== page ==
There's also a non-zero chance that if this escalates to a significant degree and drags in the US, China will see this as a golden opportunity to move on Taiwan. But let's not even go there, this is already apocalyptic without another major war in the world. But non-zero chance.
Here's the thing about an oil shock. Russia will benefit twice (hurts West, more profit on oil sales). But you know who else greatly profits from oil shocks? MBS. Recall he was a pariah pre-Ukraine war. After the Ukraine war he was a darling of the West again.
Back to Gaza. Some have blind faith that the IDF will absolutely win and eliminate Hamas. I don't share that view. Bibi painted himself into a corner with "destroy Hamas" as objective. He clearly doesn't have a well thought out plan.
To really "destroy Hamas", he'll have to wage a bloody, prolonged urban war to dislodge a well trained, highly motivated, well supplied army that has spent over a decade digging in and preparing for such a day. The IDF has *never* fought such a battle.
He'll have to take *all of Gaza* and hold it, and either push out its inhabitants or fight among them. A partial invasion will only relocate Hamas. An occupation will make IDF a target for a prolonged and bloody attrition war.
The deeper he gets into Gaza, the higher the risk of a second front opening to his north, plus multiple fronts vs the US, and a regional conflagration erupting. The regional escalatory potential will be almost infinite.
Also the deeper he gets into Gaza and the more desperate the situation gets for civilians there, the more likely it is that even his long-term partners Egypt and Jordan will turn on him, despite their hatred of Hamas, because they can't afford not to
And even if he actually wins, all he'd have done is relocated Palestinian militancy from a besieged and blockaded Gaza to a slightly further but much deeper (and suddenly much less stable) Egypt
Right now in Israel a major shitstorm has erupted between Bibi and IDF. He wants them to take the blame for Oct 7. IDF also suspicious of the military aims he's setup and think some are unrealistic. Meanwhile the hostage families who want to see negotiations are being ignored.
The most likely outcome is he'll go in as far as he can but as the risks rise for everyone he'll have to stop, declare victory and pull out.

The report card will be:
- Israel isn't safer
- Relations with long-term partners (Egypt & Jordan) damaged
Report card cont:
- Impossible for Saudi to normalize for a while
- Real damage to US standing in the region
- Hamas can claim victory because it wasn't destroyed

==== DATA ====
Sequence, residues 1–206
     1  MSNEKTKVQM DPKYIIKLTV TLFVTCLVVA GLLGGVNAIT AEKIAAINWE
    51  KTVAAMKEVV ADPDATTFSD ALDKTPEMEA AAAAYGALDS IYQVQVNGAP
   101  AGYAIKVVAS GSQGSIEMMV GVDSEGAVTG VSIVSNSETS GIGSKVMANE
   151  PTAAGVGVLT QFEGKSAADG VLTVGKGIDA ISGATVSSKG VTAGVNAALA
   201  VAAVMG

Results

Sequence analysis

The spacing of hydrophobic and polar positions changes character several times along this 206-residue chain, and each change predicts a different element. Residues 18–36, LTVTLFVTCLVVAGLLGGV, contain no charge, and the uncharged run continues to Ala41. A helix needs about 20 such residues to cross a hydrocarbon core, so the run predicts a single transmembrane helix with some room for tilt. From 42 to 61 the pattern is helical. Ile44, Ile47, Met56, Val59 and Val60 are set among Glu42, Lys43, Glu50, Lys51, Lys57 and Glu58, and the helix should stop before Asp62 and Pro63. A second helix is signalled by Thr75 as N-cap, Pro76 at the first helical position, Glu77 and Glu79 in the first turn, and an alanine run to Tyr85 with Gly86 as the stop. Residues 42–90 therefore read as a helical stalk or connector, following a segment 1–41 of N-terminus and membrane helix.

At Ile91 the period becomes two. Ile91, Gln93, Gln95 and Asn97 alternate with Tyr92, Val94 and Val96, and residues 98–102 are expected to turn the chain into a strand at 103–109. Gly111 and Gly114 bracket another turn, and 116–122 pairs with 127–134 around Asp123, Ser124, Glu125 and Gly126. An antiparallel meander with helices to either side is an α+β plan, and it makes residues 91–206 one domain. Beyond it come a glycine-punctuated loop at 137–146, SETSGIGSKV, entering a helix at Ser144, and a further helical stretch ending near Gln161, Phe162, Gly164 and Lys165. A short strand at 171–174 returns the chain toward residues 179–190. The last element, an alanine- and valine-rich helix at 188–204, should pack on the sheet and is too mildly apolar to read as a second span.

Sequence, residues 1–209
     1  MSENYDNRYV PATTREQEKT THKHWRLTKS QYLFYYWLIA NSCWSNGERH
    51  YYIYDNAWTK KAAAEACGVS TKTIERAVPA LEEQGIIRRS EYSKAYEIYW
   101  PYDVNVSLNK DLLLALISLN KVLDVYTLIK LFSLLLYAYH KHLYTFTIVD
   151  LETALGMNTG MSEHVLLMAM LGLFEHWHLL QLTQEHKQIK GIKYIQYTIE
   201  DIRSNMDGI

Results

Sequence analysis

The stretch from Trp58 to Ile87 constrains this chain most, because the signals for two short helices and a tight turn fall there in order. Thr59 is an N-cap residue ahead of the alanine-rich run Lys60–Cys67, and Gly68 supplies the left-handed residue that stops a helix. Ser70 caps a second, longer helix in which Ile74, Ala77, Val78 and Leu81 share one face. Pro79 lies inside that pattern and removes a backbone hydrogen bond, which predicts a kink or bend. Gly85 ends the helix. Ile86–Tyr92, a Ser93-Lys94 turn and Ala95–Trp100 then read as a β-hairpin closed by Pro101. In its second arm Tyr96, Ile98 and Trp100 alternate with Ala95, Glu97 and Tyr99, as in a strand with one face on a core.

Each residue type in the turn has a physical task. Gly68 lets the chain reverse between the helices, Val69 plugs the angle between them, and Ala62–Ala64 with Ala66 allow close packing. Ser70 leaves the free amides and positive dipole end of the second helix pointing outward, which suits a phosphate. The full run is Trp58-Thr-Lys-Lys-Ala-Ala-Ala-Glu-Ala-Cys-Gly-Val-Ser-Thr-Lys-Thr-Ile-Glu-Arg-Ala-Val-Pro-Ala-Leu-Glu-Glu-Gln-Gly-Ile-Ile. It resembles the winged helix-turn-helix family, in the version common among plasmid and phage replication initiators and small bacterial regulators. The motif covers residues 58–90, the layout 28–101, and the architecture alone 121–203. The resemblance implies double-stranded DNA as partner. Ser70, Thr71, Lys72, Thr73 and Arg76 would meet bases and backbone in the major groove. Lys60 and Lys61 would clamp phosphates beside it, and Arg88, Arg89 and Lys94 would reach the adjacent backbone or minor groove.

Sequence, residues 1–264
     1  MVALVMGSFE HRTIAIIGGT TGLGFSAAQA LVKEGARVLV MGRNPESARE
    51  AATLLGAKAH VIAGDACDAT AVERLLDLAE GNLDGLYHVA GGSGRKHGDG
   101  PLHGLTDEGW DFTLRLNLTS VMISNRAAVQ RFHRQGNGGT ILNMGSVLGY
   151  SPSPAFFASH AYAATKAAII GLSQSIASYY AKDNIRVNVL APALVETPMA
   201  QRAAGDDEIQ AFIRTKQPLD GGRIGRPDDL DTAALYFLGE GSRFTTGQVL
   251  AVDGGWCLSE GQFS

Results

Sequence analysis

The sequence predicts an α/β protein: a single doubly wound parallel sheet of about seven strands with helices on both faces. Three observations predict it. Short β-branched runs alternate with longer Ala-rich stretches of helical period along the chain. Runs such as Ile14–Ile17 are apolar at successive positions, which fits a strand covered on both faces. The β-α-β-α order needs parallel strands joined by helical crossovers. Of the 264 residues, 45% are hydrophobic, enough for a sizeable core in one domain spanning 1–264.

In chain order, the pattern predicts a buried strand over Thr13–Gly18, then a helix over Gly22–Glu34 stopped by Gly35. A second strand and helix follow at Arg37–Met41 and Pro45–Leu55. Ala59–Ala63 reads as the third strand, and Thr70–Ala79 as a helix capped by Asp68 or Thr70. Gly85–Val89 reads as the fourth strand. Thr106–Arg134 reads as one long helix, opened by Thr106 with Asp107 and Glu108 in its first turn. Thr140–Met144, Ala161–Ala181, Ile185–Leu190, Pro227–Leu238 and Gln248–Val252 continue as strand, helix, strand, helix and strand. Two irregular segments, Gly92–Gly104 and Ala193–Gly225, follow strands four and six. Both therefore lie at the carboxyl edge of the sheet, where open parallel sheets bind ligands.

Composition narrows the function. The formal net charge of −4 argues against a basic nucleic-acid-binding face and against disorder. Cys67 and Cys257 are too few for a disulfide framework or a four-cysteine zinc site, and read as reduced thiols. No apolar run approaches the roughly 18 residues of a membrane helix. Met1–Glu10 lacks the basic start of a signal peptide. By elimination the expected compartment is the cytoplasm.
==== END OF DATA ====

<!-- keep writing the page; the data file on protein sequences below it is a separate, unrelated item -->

In the words of Noam: Many Israelis & their future and security are also captives of Netanyahu. De-escalation is in everyone's benefit. Except Netanyahu.
About Biden:
- He has his own domestic political calculus
- He's coddling Bibi (they don't get along)
- He revealed his cards to Iran by making it clear he doesn't want escalation
- His whole "diplomacy" amounts to ensuring Israel can attack Hamas without a spillover happening
Anyway this is a very, very long thread and I'm tired and thirsty so I'll stop here. I'll answer questions and compile the answers into another thread. Thanks and my apologies for visiting such a long & badly edited thread on your TLs.
Also yes all of my writing will be public & free but I still have to eat and pay rent, so please support our work & donate:
There's so much more I want to say. Really. There's so much more to analyze. But I'm tired and this took me all day.
Like I said I'll answer questions (in a new thread). So ask. It'll help me flesh out and challenge my own thinking as well.
As promised I posted another thread with answers to the many great questions asked by you

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More from @iyad_elbaghdadi

Dec 17, 2023
The rupture in international solidarity communities (that tried to integrate Western + Global South activists) is deep. The rupture in the small Israeli-Palestinian solidarity communities is catastrophic. It'll take a decade to fix what happened in the last two months, if at all.
I'm starting to become convinced that many movements will not survive this and will have to be mourned and laid to rest, and new movements built out of what remains. Built on better principles, with more moral courage and clearer-eyed vision.
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Here's a thread about the concept of indigeneity in historical Palestine and its implications in light of Zionist settler-colonialism and the persecution of the Palestinians. You may want to bookmark this for whenever someone screams "but Jews are indigenous to the land!" 🧵
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A long thread about colonialism, decolonization, what models can & can't work, and why the Israel-Palestine context is unique. I wish people would slow-read this because many are walking around with outdated models, and may be causing damage 🧵
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A lot has been said recently about what Islam allows or prohibits in war so I thought I'd clarify this: In Islam the distinction is not "civilian vs military"; it's "combatant vs non-combatant". Here's a quick explanation
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Nov 19, 2023
Something scary happens when people no longer feel they can convince or engage the other side; when they feel the other side is a moral lost cause and there isn't any space of possible agreement between your minimum position and their maximum, or your maximum and their minimum